thomleo - 29 days ago 5

Python Question

I have an array of random floats and I need to compare it to another one that has the same values in a different order. For that matter I use the sum, product (and other combinations depending on the dimension of the table hence the number of equations needed).

Nevertheless, I encountered a precision issue when I perform the sum (or product) on the array depending on the order of the values.

Here is a simple standalone example to illustrate this issue :

`import numpy as np`

n = 10

m = 4

tag = np.random.rand(n, m)

s1 = np.sum(tag, axis=1)

s2 = np.sum(tag[:, ::-1], axis=1)

# print the number of times s1 is not equal to s2 (should be 0)

print np.nonzero(s1 != s2)[0].shape[0]

If you execute this code it sometimes tells you that

`s1`

`s2`

The problem is I need to use those in functions like

`np.in1d`

Is there a way to avoid this issue?

Answer

For the listed code, you can use `np.isclose`

and with it tolerance values could be specified too.

Using the provided sample, let's see how it could be used -

```
In [201]: n = 10
...: m = 4
...:
...: tag = np.random.rand(n, m)
...:
...: s1 = np.sum(tag, axis=1)
...: s2 = np.sum(tag[:, ::-1], axis=1)
...:
In [202]: np.nonzero(s1 != s2)[0].shape[0]
Out[202]: 4
In [203]: (~np.isclose(s1,s2)).sum() # So, all matches!
Out[203]: 0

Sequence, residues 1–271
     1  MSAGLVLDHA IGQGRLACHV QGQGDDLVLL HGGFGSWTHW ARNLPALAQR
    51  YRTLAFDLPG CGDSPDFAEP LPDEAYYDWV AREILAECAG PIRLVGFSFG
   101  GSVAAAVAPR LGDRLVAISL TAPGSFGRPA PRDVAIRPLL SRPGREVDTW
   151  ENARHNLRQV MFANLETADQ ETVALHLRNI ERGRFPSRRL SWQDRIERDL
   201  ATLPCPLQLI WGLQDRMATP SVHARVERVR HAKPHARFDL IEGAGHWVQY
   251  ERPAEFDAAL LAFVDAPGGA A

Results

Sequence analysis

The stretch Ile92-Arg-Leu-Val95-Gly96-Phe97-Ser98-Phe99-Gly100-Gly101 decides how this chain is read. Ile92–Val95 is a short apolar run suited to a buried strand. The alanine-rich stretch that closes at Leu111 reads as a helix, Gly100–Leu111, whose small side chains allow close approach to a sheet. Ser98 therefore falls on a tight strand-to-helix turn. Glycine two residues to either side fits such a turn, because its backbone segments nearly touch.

```

To make use of tolerance values in other scenarios, we need to work on a case-by-case basis. So, let's say for an implementation that involve elementwise comparison like in `np.in1d`

, we can bring in `broadcasting`

to do those elementwise equality checks for all elems in first input against all elems in the second one. Then, we use `np.abs`

to get the "closeness factor" and finally compare against the input tolerance to decide the matches. As needed to simulate `np.in1d`

, we do ANY operation along one of the axis. Thus, `np.in1d`

with tolerance using `broadcasting`

could be implemented like so -

```
def in1d_with_tolerance(A,B,tol=1e-05):
return (np.abs(A[:,None] - B) < tol).any(1)
```

As suggested in the comments by OP, we can also round floating-pt numbers after scaling them up and this should be memory efficient, as being needed for working with large arrays. So, a modified version would be like so -

```
def in1d_with_tolerance_v2(A,B,tol=1e-05):
S = round(1/tol)
return np.in1d(np.around(A*S).astype(int),np.around(B*S).astype(int))
```

Sample run -

```
In [372]: A = np.random.rand(5)
...: B = np.random.rand(7)
...: B[3] = A[1] + 0.0000008
...: B[6] = A[4] - 0.0000007
...:
In [373]: np.in1d(A,B) # Not the result we want!
Out[373]: array([False, False, False, False, False], dtype=bool)
In [374]: in1d_with_tolerance(A,B)
Out[374]: array([False, True, False, False, True], dtype=bool)
In [375]: in1d_with_tolerance_v2(A,B)
Out[375]: array([False, True, False, False, True], dtype=bool)
```

Finally, on how to make it work for other implementations and use cases - It would depend on the implementation itself. But for most cases, `np.isclose`

and `broadcasting`

should help.

Source (Stackoverflow)

Comments